This displays all the months, regardless of whether sales were made in that month in that state.

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  5. Right-click the Date tile, and on the Group And Show Detail submenu, click Group. In the By list box in the Grouping dialog box, deselect Months, select Quarters and Years, and then click OK.

    This automatically groups the months into quarters and years, even though the quarter and year values are not in the original data source.

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    When you group dates, you end up with two rows of labels. A chart based on a PivotTable works just fine with one or more rows of labels. Because you specified Show Items With No Data for the Date field, the table shows extra 'catch-all' dates at the beginning and end. You don't want those in the table. While you're at it, you can eliminate the year 2000 from the report, showing only the most recent two years.

  6. Click the arrow next to the Years tile, deselect <1/1/2000, 2000, and >10/2/2002, and then click OK.

    The unwanted periods disappear.

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The PivotTable report now shows the dates as quarters and years, sorts the product categories in descending order of sales, and retains the same row and column headings, regardless of which state is selected.

Format the PivotTable

The table looks good, except that you want a slightly more dramatic look for the EIS application. You also want the columns to keep the same width, instead of adjusting as the data changes. In addition, you will need a second copy of the PivotTable report that can serve as the data source for a PivotChart.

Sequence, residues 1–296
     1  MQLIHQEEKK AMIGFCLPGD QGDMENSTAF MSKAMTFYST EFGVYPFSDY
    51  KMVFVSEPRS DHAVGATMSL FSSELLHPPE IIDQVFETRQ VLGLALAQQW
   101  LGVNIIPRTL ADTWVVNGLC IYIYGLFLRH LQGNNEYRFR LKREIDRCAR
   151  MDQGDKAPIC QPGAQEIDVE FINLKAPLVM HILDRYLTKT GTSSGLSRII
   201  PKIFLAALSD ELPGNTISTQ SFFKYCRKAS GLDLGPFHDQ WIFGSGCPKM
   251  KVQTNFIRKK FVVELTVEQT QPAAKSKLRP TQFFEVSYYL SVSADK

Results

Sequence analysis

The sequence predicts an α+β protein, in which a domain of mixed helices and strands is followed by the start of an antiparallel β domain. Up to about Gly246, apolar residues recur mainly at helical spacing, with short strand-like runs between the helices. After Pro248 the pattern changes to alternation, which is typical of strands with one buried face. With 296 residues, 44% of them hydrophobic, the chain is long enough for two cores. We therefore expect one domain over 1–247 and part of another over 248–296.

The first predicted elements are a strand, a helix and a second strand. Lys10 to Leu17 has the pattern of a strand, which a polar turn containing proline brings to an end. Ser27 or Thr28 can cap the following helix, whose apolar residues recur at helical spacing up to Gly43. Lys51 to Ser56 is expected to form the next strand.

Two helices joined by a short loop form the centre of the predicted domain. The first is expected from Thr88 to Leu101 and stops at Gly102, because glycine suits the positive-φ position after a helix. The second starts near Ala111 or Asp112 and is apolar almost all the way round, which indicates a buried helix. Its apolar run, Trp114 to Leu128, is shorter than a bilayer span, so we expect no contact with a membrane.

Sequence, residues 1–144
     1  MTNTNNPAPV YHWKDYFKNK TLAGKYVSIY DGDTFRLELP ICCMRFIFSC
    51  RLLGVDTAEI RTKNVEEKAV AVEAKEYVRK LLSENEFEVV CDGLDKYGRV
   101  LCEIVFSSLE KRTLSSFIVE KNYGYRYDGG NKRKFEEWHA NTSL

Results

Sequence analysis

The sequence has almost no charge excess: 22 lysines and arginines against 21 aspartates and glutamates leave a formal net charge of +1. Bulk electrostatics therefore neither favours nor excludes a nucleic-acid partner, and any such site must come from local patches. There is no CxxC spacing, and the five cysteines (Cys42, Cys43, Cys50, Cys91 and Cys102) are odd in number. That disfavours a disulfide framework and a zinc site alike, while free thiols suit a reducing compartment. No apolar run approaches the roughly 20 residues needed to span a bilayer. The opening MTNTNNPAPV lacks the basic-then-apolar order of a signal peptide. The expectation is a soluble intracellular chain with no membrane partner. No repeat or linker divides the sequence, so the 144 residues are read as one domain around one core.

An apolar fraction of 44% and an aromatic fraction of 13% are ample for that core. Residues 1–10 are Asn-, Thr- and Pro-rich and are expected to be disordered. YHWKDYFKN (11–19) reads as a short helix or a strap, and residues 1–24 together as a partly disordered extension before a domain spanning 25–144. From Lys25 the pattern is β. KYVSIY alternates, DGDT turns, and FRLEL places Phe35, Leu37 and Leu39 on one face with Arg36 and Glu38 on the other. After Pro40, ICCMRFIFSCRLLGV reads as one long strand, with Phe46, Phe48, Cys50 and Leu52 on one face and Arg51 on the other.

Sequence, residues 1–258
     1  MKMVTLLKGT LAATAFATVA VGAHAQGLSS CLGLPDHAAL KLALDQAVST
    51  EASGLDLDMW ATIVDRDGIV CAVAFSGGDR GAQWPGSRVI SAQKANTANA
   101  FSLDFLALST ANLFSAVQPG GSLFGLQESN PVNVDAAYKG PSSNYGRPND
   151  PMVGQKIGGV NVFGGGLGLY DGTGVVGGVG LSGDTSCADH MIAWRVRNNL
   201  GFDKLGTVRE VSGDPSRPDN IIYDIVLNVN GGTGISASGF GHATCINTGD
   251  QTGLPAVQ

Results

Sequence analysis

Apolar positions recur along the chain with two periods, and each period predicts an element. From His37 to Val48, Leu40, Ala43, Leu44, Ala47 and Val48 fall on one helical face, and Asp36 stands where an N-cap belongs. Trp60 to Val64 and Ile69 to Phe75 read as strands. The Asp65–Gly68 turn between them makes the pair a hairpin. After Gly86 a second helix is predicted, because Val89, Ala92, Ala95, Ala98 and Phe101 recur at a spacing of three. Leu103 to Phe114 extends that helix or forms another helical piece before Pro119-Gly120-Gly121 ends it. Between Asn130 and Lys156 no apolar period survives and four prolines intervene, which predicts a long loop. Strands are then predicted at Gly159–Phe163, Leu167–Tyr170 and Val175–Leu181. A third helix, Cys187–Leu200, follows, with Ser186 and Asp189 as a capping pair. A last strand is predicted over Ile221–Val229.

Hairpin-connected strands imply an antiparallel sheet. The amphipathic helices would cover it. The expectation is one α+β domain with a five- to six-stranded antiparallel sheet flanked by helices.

1. Insert a new column to the left of column A, and insert two new rows above row 1. Set the width of column A to 3.5, the width of column B (the category labels) to 18, the width of columns C through J (the data values) to 9, and the width of column K to 1.3.


    If you want a chart based on a PivotTable to have a different orientation than the PivotTable, you need to make a second copy of the PivotTable to use as the basis for the chart. Because both PivotTables share the same data cache, creating a copy of the PivotTable doesn't require significant additional system resources.

  2. Before continuing to format the PivotTable, make a copy of the Data sheet. Press and hold the Ctrl key as you drag the Data sheet tab to the right. Rename the new sheet ChartData, and reselect the Data sheet.

  3. You want the background to be dark gray (leaving the black outlines in the PivotTable distinguishable) and the font for most of the cells to be light gray. Press Ctrl+A to select the entire Data worksheet. On the Formatting toolbar, click the Fill Color button and select Gray-80% (the top color in the rightmost column). Click the Font Color button, and select Gray-25% (the fourth color down in the rightmost column). Then select cell A1 to deselect the worksheet cells.

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  4. Move the mouse pointer over the top of cell B7 until it turns into a black downward-pointing arrow, and then click.

    This selects the Category labels.


    If the mouse pointer never turns into a black arrow when you move it around over the labels of a PivotTable report, you do not have selections enabled for the report. To enable selections, click in the PivotTable, and on the PivotTable toolbar, click the PivotTable menu, the Select submenu, and the Enable Selection command.

  5. Change the Category labels to bold and italic. Change the font color to White (the lower right color in the Font Color palette).